The genetic data indicate that at the height of the last ice age, 24 to 16 years ago, the people of the Aurignacian culture were concentrated in a shelter in Iberia and Ukraine. The people of the Gravatian culture probably moved to the Balkans. After the glaciers retreated and the climate became more relaxed, they came out of the shelters and quickly dispersed to the rest of the continent.

However, some scientists said that the link that Prof. Underhill and his colleagues made between cultures known from archaeological evidence and roughly dated mutations is problematic. "I think they are right," said Prof. Underhill. "We are at the beginning of the journey, and we still don't have quite good dating methods. But in any kind of historical investigation you have to look at as many pieces of the puzzle as possible. Science moves forward from observations of facts and the interpretation of facts. Science is a self-correcting process, so if a wrong interpretation was made, someone else will eventually obtain new data or new observations and reinterpret."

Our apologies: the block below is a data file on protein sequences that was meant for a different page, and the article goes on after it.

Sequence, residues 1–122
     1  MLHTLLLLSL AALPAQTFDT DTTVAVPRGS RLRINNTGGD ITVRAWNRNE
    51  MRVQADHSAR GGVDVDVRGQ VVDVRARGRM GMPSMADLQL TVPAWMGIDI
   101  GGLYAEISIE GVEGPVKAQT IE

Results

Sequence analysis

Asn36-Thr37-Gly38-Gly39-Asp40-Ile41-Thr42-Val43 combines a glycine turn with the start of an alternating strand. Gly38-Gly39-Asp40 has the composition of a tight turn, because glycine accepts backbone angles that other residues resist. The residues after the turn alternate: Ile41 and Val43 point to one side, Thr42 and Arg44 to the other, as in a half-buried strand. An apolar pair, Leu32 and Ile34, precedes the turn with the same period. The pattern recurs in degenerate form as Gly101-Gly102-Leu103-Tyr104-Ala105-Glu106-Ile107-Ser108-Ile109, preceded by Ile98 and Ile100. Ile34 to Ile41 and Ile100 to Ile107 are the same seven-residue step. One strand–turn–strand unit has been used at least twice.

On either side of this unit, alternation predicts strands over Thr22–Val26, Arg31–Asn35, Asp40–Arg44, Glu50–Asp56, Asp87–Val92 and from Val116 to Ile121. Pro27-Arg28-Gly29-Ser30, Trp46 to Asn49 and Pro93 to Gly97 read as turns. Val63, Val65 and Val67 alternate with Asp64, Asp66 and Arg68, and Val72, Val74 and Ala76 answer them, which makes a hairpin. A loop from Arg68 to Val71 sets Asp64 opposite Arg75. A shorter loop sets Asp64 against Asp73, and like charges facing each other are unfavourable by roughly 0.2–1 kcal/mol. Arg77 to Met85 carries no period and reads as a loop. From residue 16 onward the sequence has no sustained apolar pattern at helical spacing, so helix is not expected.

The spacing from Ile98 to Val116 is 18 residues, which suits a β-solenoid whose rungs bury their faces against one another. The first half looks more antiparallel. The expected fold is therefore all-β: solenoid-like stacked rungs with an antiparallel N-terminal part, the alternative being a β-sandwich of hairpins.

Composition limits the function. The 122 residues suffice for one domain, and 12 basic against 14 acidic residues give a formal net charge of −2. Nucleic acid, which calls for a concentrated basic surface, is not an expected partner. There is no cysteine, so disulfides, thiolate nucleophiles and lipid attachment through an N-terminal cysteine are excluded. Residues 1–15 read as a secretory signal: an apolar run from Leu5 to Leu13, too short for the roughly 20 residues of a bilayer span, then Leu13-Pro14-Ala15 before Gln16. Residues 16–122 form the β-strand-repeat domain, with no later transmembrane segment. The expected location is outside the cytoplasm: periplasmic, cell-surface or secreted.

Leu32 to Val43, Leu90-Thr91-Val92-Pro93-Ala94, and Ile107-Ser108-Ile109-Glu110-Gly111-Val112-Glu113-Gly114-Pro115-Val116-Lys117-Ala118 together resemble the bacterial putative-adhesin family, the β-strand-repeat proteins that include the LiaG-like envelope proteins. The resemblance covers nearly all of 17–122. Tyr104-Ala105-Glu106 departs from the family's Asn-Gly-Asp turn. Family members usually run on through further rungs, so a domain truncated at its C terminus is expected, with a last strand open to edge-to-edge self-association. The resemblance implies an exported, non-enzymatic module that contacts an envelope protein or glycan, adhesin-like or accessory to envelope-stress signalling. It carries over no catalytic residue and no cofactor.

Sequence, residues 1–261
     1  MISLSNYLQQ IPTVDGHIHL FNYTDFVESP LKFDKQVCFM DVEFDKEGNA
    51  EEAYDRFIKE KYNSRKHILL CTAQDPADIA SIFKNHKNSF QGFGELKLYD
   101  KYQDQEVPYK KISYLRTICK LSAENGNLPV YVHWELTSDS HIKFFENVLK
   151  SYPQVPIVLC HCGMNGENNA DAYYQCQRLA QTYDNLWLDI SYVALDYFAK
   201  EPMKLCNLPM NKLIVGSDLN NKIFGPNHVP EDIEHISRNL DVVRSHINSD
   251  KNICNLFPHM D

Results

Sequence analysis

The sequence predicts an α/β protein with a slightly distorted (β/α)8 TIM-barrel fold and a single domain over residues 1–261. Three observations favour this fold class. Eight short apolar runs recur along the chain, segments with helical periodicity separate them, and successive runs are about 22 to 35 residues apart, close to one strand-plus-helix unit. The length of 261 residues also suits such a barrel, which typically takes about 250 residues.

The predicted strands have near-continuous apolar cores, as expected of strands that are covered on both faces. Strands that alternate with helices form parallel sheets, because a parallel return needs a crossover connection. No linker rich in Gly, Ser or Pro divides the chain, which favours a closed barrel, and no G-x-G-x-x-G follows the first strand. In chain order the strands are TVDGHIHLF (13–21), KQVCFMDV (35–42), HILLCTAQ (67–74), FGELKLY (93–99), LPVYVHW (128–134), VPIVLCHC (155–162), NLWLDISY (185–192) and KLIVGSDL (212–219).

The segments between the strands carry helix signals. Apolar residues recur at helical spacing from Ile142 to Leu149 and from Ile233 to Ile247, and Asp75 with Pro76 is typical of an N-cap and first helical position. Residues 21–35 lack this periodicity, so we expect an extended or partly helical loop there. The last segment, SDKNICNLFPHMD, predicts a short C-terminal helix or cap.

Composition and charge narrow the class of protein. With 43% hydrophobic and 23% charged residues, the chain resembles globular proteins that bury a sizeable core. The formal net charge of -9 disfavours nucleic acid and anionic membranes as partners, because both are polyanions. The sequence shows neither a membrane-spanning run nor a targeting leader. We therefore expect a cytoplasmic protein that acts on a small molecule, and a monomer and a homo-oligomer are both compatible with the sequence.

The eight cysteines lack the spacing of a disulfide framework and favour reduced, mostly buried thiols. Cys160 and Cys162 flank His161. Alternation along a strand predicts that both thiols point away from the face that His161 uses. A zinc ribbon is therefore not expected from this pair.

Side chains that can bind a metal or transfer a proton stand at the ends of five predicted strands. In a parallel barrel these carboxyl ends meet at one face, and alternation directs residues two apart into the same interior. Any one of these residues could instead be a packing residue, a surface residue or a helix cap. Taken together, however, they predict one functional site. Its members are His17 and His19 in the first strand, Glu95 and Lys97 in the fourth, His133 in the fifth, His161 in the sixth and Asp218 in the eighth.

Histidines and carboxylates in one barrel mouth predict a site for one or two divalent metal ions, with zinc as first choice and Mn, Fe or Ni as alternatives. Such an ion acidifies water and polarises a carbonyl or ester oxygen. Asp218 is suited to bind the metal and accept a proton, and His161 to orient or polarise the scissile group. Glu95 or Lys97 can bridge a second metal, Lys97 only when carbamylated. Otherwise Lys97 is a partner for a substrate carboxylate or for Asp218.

{Appeared in Haaretz newspaper, 15/12/2000}. The knowledge site was at that time part of the IOL portal of the Haaretz group.

The theory of rivers

These findings remind the author of a theory about the reasons for the division of man into different regions

(Published in the science forum at IOL)

By Baruch Tivon (word of opinion)

Interesting findings, interesting if they can be linked to a suspicion I have on the subject. As we know, there are 5 racial groups of humans, European, Asian, which are the young, the African or Congolese which is the old, and the aborigines and the Hottentots + perfumers of Dr. Africa. An important characteristic of these groups is their quantity, the first 3 BC are the largest, while the last 3 are the oldest.

When you look at the map of Africa, 5 rivers stand out, Orange, Zambezi, Congo, Nile and Niger. The last 3 are the largest and also the furthest from South Africa, the place where the earliest fossils of us were found. My suspicion is that there is a correlation here, each Kb wondered around a different river.

The possible scenario is that the Congolese, moved north to the Congo, and near each river a part separated and became a different community. After the Congolese settled in the Congo, they separated and moved north, forming the Asian and European tribes. If the Asian originates from a group that wandered around the Nile, then on its way to Asia, a left turn to Europe was also open. The problem is that the European group accepts the Niger and here an immigration route from North West Africa to Europe needs to be found.